CHICAGO -- Two of the most humble of Chicago Cubs prospects took center stage on Wednesday at Wrigley Field.
First, slugger Kris Bryant was honored as the team’s minor league player of the year. Then, last year’s minor league pitcher of the year, Kyle Hendricks, took the mound and threw yet another gem in beating the Cincinnati Reds 3-1.
“He’s pitched extremely well and put himself in a good place in the organization,” Cubs manager Rick Renteria said afterward. “He goes out and prepares and is very professional.”
It’s the same thought that comes to mind with Bryant. The two of them simply get the job done with little fanfare. It wasn’t lost on Hendricks how far he has come since being honored at Wrigley last September just as Bryant and Class A pitcher Jen-Ho Tseng were before the win on Wednesday. It crossed his mind during pregame presentations for the two prospects.
“I thought, this exact time last year I was here just watching,” Hendricks said. “It’s crazy how fast it happens. They tell us that when we’re in the minor leagues: ‘Just keep working because when you make it, you’ll look back and say it went fast.’ It definitely has. It’s been a good ride.”
It has been just as good ride for those that have had the pleasure to watch Hendricks work. He got into some trouble throughout his seven innings on Wednesday, but the most important pitches were his best ones, as usual.
After a mishandled ball by Javier Baez allowed runners at second and third in a 2-1 game in the sixth inning, he got Donald Lutz to foul out to Welington Castillo, who made a nice play on the ball near the stands. Chris Coghlan helped him out of a jam the next inning with a leaping catch against the wall in left to end the inning.
A case can be made Hendricks will receive better defense throughout his career because his pace on the mound is ideal. The game moves.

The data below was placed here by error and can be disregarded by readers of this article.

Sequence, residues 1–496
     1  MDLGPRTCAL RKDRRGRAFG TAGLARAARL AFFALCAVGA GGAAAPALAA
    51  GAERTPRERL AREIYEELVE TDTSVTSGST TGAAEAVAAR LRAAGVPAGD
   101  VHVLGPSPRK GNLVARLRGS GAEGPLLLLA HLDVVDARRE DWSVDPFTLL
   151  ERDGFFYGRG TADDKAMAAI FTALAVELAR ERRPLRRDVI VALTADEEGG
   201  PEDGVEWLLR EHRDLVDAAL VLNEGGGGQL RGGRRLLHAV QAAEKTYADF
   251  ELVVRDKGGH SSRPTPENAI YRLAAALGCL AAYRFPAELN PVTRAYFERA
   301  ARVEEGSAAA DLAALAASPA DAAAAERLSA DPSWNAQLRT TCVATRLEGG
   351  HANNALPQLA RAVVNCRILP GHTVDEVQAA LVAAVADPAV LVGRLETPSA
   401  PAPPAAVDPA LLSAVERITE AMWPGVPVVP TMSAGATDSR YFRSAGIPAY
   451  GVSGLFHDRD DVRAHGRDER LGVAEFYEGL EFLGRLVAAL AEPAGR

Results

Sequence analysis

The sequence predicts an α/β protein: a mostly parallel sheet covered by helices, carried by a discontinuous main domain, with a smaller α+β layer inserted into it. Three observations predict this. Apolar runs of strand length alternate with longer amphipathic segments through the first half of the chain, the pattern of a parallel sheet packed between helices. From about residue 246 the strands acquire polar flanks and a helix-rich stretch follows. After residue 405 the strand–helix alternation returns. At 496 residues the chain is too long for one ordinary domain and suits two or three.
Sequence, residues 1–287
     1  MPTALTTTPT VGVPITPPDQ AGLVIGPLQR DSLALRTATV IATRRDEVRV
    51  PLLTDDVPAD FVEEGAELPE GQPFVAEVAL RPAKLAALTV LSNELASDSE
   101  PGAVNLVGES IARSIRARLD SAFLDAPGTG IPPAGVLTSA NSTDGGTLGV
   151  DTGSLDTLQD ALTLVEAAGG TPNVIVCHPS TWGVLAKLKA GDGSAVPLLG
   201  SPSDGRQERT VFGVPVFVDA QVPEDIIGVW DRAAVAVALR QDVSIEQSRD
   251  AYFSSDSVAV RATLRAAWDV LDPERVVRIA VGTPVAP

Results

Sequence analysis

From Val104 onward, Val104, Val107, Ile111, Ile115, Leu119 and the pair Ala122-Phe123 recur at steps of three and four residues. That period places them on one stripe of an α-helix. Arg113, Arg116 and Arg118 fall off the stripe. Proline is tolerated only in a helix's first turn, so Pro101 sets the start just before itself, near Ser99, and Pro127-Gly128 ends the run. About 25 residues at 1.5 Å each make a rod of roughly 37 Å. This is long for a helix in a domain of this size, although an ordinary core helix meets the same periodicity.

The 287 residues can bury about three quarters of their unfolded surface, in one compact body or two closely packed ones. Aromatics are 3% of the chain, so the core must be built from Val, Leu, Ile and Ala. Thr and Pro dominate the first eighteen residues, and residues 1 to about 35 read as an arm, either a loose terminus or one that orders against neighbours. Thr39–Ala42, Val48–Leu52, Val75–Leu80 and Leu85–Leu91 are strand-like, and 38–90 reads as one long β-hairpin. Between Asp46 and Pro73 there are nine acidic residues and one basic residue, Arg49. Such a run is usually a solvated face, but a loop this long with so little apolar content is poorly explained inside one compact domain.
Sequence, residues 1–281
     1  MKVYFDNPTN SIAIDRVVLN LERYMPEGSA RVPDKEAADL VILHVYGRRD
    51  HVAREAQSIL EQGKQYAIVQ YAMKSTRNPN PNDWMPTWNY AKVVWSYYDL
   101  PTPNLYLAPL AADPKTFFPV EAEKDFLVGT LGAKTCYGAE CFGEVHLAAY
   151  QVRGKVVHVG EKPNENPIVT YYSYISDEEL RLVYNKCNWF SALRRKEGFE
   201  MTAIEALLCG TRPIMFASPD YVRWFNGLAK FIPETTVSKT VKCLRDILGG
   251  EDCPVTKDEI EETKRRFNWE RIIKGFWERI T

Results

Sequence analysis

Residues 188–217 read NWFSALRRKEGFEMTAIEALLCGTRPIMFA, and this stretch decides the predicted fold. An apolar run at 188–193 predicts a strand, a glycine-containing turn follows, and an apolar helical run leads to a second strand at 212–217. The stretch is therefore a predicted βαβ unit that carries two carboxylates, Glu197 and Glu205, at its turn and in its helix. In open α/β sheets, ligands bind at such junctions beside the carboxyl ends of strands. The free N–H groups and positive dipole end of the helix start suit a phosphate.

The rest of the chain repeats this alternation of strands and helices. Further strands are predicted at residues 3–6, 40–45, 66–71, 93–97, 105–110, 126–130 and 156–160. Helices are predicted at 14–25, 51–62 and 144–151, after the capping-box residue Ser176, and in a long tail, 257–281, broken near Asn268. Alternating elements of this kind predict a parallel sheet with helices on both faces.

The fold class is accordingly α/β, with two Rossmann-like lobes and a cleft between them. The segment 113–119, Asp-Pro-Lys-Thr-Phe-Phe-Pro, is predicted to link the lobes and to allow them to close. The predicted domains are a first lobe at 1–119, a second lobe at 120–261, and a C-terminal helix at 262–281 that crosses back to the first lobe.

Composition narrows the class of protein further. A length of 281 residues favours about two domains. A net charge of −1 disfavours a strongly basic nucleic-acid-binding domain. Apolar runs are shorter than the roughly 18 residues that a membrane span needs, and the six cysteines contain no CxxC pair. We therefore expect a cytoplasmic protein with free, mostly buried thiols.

“It’s fun to play behind,” Coghlan said. “He’s got a quick tempo. You always enjoy that as a fielder.”
It hasn’t just been Hendricks who has been impressive on the mound. Yes, the Cubs swept an anemic Reds team, but giving up just one run in 27 innings is impressive at any level against any competition. Cubs’ pitching has held up despite massive turnover for two years.
“That’s just depth,” Renteria said. “When you have depth it creates an environment where you’re competing to pitching yourself in a better position. The depth allows you to create competition. We’re seeing parts of it.”
Wood needs to find his game for more than one start, but at least he has shown the ability having been an all-star before. In the span of just a couple of months, the Cubs’ starting staff has a greater positive vibe than anyone could have imagined after the trades of Jeff Samardzija and Jason Hammel.
It’s still a work in progress, but thanks to performances like the ones we keep seeing out of Hendricks, the cupboard might not be all that bare. His ERA is a dandy 2.28.
“He has a good mix of secondary pitches,” Renteria said. “Every time he goes out there, do I feel a sense of comfort and expect he’s going to have a nice outing? Yeah, I do. I think everybody does.”